Carrol Daily Times Herald from Carroll, Iowa on June 6, 1974 · Page 5
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June 6, 1974

Carrol Daily Times Herald from Carroll, Iowa · Page 5

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Carroll, Iowa
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Thursday, June 6, 1974
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Page 5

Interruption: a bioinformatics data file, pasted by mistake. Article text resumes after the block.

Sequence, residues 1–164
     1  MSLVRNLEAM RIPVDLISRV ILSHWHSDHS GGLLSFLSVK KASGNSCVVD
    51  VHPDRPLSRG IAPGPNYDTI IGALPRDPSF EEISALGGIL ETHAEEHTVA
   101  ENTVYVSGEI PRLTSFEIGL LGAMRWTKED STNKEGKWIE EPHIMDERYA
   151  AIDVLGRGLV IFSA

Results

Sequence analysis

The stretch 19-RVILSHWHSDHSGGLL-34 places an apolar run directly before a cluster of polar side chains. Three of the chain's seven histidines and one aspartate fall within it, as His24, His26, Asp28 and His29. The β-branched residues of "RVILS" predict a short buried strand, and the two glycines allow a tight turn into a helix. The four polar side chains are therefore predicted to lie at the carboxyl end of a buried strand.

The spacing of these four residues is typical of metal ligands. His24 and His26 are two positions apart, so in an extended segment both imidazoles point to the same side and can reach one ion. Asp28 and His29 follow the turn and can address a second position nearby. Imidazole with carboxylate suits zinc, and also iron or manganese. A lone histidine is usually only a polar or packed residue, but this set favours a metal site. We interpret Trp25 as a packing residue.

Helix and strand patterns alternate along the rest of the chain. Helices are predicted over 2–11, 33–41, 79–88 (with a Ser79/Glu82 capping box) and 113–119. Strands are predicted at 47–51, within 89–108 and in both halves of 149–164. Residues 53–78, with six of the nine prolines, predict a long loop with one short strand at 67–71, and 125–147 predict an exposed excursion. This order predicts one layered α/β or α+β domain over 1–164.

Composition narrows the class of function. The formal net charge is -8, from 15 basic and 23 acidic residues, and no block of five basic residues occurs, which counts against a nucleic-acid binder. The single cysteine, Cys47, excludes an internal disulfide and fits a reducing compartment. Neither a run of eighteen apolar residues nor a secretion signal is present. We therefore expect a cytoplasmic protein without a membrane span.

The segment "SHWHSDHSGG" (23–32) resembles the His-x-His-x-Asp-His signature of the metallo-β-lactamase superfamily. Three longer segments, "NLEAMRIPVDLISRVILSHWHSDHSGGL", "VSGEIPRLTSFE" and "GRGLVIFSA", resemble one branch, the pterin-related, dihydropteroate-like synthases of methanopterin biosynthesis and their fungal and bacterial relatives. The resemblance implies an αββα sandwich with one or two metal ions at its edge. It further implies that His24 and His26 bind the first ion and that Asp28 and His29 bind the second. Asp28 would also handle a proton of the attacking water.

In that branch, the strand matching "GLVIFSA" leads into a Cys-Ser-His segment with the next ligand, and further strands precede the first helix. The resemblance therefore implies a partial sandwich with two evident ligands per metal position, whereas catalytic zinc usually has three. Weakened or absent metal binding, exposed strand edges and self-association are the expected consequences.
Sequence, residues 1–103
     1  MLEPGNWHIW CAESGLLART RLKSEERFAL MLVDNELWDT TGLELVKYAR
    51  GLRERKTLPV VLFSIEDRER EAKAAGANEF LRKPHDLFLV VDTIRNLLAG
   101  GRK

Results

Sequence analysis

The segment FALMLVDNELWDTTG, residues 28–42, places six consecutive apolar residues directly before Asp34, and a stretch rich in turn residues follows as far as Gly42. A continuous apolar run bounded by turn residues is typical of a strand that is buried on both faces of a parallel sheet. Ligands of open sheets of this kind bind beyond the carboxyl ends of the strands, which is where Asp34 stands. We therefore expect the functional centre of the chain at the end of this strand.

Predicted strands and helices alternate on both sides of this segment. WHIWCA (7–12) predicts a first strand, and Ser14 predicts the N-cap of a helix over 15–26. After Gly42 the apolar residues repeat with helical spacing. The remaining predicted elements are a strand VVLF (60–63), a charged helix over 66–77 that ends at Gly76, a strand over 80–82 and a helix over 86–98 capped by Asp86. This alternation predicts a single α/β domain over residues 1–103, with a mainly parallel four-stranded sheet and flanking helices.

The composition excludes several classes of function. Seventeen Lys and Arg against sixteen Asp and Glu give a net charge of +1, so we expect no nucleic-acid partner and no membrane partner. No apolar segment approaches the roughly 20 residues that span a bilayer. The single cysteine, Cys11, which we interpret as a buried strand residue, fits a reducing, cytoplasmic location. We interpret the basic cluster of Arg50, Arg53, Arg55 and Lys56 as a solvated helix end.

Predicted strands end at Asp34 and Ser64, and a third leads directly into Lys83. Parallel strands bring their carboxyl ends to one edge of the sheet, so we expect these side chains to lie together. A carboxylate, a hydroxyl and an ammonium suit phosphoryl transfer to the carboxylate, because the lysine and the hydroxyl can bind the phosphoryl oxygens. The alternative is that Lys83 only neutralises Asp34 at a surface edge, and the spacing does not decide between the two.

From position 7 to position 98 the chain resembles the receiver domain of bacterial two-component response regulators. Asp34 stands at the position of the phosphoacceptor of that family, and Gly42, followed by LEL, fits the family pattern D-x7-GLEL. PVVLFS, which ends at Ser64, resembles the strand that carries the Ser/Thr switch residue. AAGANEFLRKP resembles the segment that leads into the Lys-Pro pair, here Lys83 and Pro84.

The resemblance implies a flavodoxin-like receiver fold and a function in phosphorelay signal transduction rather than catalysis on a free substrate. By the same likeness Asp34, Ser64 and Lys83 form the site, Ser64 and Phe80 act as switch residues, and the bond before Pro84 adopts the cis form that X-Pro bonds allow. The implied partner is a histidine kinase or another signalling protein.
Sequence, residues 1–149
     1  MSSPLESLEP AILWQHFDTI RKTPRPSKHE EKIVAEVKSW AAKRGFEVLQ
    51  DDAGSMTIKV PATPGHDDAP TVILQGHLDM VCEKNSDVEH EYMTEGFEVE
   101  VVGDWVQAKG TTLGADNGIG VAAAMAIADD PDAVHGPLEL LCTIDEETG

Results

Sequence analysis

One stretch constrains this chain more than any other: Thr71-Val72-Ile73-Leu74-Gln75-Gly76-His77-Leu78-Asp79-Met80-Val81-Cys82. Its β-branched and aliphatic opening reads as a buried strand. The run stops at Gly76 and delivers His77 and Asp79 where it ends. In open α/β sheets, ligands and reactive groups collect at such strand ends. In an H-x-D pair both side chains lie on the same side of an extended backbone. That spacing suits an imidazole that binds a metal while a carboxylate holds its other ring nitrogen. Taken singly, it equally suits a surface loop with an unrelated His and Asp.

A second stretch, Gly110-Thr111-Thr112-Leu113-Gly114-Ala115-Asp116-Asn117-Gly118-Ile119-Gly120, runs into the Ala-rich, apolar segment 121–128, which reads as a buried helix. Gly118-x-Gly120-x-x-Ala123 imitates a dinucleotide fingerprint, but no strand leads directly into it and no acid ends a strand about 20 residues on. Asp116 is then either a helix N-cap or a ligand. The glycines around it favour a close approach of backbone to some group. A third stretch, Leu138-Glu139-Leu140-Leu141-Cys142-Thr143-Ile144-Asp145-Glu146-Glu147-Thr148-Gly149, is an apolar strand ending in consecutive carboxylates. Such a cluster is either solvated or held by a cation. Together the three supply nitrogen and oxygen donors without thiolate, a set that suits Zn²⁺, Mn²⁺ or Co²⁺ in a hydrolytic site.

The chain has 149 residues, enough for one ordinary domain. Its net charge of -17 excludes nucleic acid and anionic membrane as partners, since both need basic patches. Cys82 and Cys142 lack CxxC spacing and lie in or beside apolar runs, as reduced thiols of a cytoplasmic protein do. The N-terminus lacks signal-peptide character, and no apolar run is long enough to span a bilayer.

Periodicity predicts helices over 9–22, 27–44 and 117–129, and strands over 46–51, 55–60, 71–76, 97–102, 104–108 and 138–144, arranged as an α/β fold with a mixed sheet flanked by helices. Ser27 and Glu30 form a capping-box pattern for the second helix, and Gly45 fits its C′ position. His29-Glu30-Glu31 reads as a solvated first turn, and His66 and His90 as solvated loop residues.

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India's Nuclear Debut: A Delicate World Balance is Blasted Apart By NKA-Undon Economist News Scrvirn _._,.. . -«• y NKA-London Economist News Service India's debut as a nuclear power was described by its prime minister as ."nothing to get excited about". In these strident times, it is good to learn that the great British tradition of understatement is alive and well, and living in New Delhi. But in any event the successful test explosion of a nuclear device on May 18, below ground in the Rajasthan desert west of Jodhpur (and about 100 miles from the Pakistani frontier), is something Indira Gandhi can well feel bland about. Mrs. Gandhi is once again the best riding figure she was after her army beat Pakistan's in 1971. Indian official statements continue to emphasize that the test explosion was intended to serve strictly peaceful purposes. "India has no intention of 'becoming a nuclear-weapon power, , its delegate to the Geneva disarmament conference. There is no need to challenge the sincerity of these protestations. Similar ones were made about the purpose of French nuclear research in the 1950s, only a few years before France acquired its first bombs. What needs to be understood is that a country's ability to explode any kind of nuclear device shows that it is close to the development of a usable weapon. Among specialists, it has long been widely assumed that India would soon be in a position to make nuclear weapons if it chose to. Now the world knows.And it is the capability, not the stated intention, that impresses people. Unlike their prime minister, India's newspapers have got excited. That would hardly be justified by a mere technical advance in "mining and earthmoving operations," the phrase used in the official announcement of the test. Labor is not so scarce and expensive in India as to make it uneconomic to carry out big earth-moving operations conventionally. And Pakistan's prime minister Bhutto is not thinking only about earth-moving when he Credit Law One of Most Controversial in Years Times Herald, Carroll, la. _ Thursday, June 6, 1974 3 speaks of a fateful development. India's conventional military superiority over Pakistan has been so great since the 1971 war that the equation of power is not greatly affected by the explosion. What most worries Bhutto is the prospect that India will no longer be inhibited by the possibility of running up against Chinese nuclear power. The Chinese, as is their habit, have kept very quiet. But they will be calculating the time it will take India to acquire missiles capable of carrying nuclear warheads. Three years, some say. It is not a perspective likely to encourage the Chinese to intensify their support of Pakistan. By Harrison Weber Iowa Daily Press Association DES MOINES - Iowa's new consumer credit law is one of the most controversial measures to come out of the Iowa Legislature in recent years. Some legislators claim there is a great deal of misunderstanding by the public on the contents of the bill which was signed into law Monday by Governor Robert D. Ray. The main thrust of the act is to allow 18 per cent interest on the first $500 borrowed on revolving charge accounts and 15 per cent on amounts over $500. For many years there was a question as to the maximum amount of interest that could be charged in Iowa on revolving accounts. Although the prevailing rate was 18 per cent per annum, it was a grey area. Piqued over interest rates charged on a personal account, Attorney General Richard C. Turner filed a suit against Younkers Brothers Department Store challenging the 18 per cent rate. Last fall the Iowa Supreme Court ruled in Turner's favor and since then lowans have enjoyed the lowest interest rate in the country — 9 per cent. But knowledgeable people knew this low interest rate could not last. Among other things, national retail chains were threatening to boycott Iowa and not establish any new stores in Iowa unless the allowable interest rates were increased. With this new act, which goes into effect July 1, Iowa becomes the 43rd state to allow 18 per cent interest on retail credit. However, the 18 per cent to $500 rate ceiling puts Iowa in a group of states with the seventh lowest retail revolving rate in the country. The new law is expected to be an issue in the general election campaign between Governor Ray, a Republican, and his Democratic opponent. One person who was very close to the scene in drafting the bill, Robert Oberbilling, director of the Polk County Legal Aid Society, thinks its "a very good bill." It represents a "compromise" from the various factions involved, ranging from consumer groups to business interests, he said. "If I were to draft a bill strictly for consumers, obviously I would change parts of it. But the bill that came out is really an excellent piece of legislation. It shows the legislative process at its GET TOGETHER HERE . . . DINING ROOM available for luncheons, meetings, anniversaries, reunions. Phone 792-9101. Cqtering service available. Ask about our catering service for your next meeting or gathering at your facilities. PAULINE'S CAFE Hi-way 71 South OPEN: 6 a.m. to 10 p.m. • Monday thru Thursday 6 a.m. In 12 p.m. Fri. & Sat. 7 a.m. to 10 p.m. Sunday best because of the compromises that had to be worked out to get support for the bill in its entirety," Oberbilling commented. While the politicians are clashing over the 18 per cent ceiling provided in the bill, Oberbilling said he personally doesn't consider it "all that important." But there are some other interest rates which he feels are extremely important to the consumer. For example, the act increases the rate banks are allowed to charge on installment loans to consumers from 12 to 15 per cent. Oberbilling thinks this will open the door to many people who will now be able to qualify for bank loans where before they could only get small loans or industrial loans and had to pay a much higher interest rate. The director of the Polk County Legal Aid Society believes the consumer protections that are built into the bill will have an indirect benefit to many lowans. He claims these consumer protections will remove one of the principal causes of divorce. "Many times," Oberbilling said, "a woman will get hassled by creditors because her husband has over-extended his credit, their household goods are taken and his wages are garnished. This often leads to divorce and she ends up on welfare." These consumer protections, he said, are putting a limit on garnishments, a ban on taking a security interest in household goods and a limitation on collection practices. Under the new act, debt collection practices are strictly regulated; one of the strongest regulations in the nation. The law prohibits threats, coercion, force, false accusations, harrassment and dissemination of information relating to a debt. PAINT SPECIAL ACRYLIC LATEX House Paint Per Gallon CIRCLE CASHWAY But the Rajasthan blast's implications extend far beyond the triangular relationship of India, Pakistan and China. The first foot is in the door of the club of five nuclear powers whose membership, unchanged since China qualified in 1964, corresponds to the privileged permanent membership of the United Nations Security Council. The nuclear nonproliferation treaty that took effect in 1970 was aimed at restricting the club to those five. Its prospects of success were dimmed by he non-adherence of two of the five (China and France) and of a disturbingly large number of countries that could be ranked as near-nuclear by reason of their advanced military technology and their access to nuclear materials used for power production. Of these near-nuclears, only Canada and Sweden were quick to ratify the treaty. Australia and West Germany have, after long hesitation, joined them. Japan, which signed in 1970, has still not ratified. Other non-adherents, in addition to India and Pakistan, include Argentina, Brazil, Israel and South Africa. Now that India has got the club door wedged open, it is pretty plain that other near- nuclear states will reveal a livelier interest in getting in too. The explosion in Ra- jasthan has not yet blown the whole nonproliferation system skyhigh, but it ought to enforce an urgent reappraisal of the system's present and future effectiveness — and limitations. Quite apart from the straight political and military pressures that are pushing several governments towards nuclear weapons, there is the technical problem of controlling the plutonium that is produced in the potential nuclear powers' supposedly peaceful reactors. Plutonium output from reactors is going to multiply rapidly in the next few years, and the job of keeping tabs on it will get far too big for the present resources of the International Atomic Energy Agency. It is pretty clear that if the attempt to curb the proliferation of nuclear arms is to be continued at all, it is going to need a much bigger effort. That rumbling noise from Rajasthan could even prove timely if it helps to shift the Chinese (because Indian bombs would have a special meaning for them) and the French (because they are now shaking free from some of the more cherished dogmas of Gaullism) towards a more positive attitude to the nonproliferation treaty. But does anyone still care enough? Local Soldier Gets Promotion WESTSIDE - Russell A. Brockman, son of Mr. and Mrs. Merlin Brockman, has been promoted from P.V.II to S.P. 4. He is now attending electronics school in Fort Monmouth, N.J. His new address is: S.P.-4-Russell A. Brockman; Co. B. S.C.H. BDE. USA. S.C.S.: Fort Monmouth, N.J. 07703 Pam Slender of Omaha was a weekend guest in the Johnnie Slender home. "^^•^•^^ Your Super Market of Building Supplies "The Brand of Bargains' 7 Hours: Mo n thro Fri. Hwy. 71 North, Carrol! 7.30 to 5 Sat. 7:30 to 4:30 of for Father's Day. You'll find it here we're sure. Shop today! atf* s*o# s»tf ? <*tf »<$